Testimony at the trial held in Alexandria showed that on August 27, 2009, officers and agents of the U. S. Marshal Service Fugitive Task Force, the FBI Violent Gang Task Force, and Winn Parish Sheriff’s Office traveled to Winnfield to make the arrest of a Portia Sanders, wanted on a federal arrest warrant for bank fraud out of the Western District of Washington. The woman was also the subject of an investigation by the Seattle Police Department for two homicides and two shootings, and she was affiliated with a violent gang in Seattle.
FBI task force agents from Seattle traveled to Winnfield to assist the USMS. The officers converged on the subject’s apartment and knocked on the door. The subject answered the door and was arrested. Thereafter, a large crowd began to gather outside. Several males shouted to “get the chief.”
Carpenter wasn’t told of the arrests because he had been investigated on suspicion of drug running, and authorities believed he might tip off the suspects to their impending arrests, Deputy U.S. Marshal Glenn Belgard testified.
A male later identified as Carpenter emerged from the crowd and demanded to know “why are these folks being arrested.” He never identified himself, nor did he have any badge or markings of any type on his person. He yelled for the crowd to follow him, and the crowd pushed forward around the arrest team.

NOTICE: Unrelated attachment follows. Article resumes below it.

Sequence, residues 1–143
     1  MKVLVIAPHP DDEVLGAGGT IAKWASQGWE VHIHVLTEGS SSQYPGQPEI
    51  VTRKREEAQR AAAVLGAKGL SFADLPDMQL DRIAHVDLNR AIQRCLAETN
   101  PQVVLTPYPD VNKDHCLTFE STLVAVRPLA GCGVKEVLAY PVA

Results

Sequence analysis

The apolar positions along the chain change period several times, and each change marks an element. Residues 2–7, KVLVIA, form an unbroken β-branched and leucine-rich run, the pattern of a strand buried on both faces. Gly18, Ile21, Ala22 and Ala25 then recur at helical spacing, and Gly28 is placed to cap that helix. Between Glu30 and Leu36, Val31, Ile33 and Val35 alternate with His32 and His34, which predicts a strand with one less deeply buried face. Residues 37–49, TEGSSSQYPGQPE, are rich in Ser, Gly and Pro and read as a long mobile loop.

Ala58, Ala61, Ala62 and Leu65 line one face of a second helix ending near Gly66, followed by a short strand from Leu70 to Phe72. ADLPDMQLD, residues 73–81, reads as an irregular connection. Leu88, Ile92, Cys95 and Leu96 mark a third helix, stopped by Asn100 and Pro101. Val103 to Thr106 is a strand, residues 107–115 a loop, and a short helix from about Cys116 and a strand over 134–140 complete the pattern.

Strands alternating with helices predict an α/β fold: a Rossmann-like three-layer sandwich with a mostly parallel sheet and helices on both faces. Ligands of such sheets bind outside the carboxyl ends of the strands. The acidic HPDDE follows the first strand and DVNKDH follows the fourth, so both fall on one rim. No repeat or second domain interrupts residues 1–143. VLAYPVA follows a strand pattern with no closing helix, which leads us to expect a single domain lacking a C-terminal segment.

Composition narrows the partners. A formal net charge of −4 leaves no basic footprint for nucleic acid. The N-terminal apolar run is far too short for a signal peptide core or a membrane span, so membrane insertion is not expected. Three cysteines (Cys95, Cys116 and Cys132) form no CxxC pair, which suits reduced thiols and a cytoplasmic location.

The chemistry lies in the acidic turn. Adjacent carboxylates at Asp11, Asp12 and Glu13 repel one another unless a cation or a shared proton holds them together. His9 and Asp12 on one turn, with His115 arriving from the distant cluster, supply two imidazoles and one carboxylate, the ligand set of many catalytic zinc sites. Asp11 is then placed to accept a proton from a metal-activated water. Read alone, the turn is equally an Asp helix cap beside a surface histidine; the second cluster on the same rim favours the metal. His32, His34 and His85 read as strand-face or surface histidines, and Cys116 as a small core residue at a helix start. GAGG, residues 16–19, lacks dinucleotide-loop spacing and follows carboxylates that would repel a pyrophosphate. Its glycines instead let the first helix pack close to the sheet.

Belgard approached Carpenter and advised him that the investigation was still in progress and that he was now inciting the crowd. Belgard ordered Carpenter to get on the sidewalk away from the officers and the arrestees.
Belgard repeated his command to Carpenter at least 10 times, but Carpenter refused, and he continued to yell over Belgard’s commands. The deputy then advised Carpenter that he was obstructing a federal investigation, and if he continued, he would be removed and possibly arrested. Carpenter disregarded Belgard’s orders and continued to attempt to prevent the arrest.
Later on that same day, Carpenter showed up at the police station and got into a shouting match with the deputy about the arrest and activities related to their earlier exchange.
An October 28, 2009 indictment charged Carpenter with one count of willfully obstructing, resisting and opposing a Deputy United States Marshal from serving a federal arrest warrant. The jury deliberated for 2 hours before returning a guilty verdict. Carpenter faces a maximum potential penalty of one year in prison, a $100,000 fine, or both.
Sentencing has been set for July 27, 2011, before U. S. Magistrate Judge James D. Kirk.
Carpenter faces up to a year in prison, a $100,000 fine or both.
His attorney, Eugene Cicardo, Jr., said Carpenter will appeal his conviction to the 5th Circuit.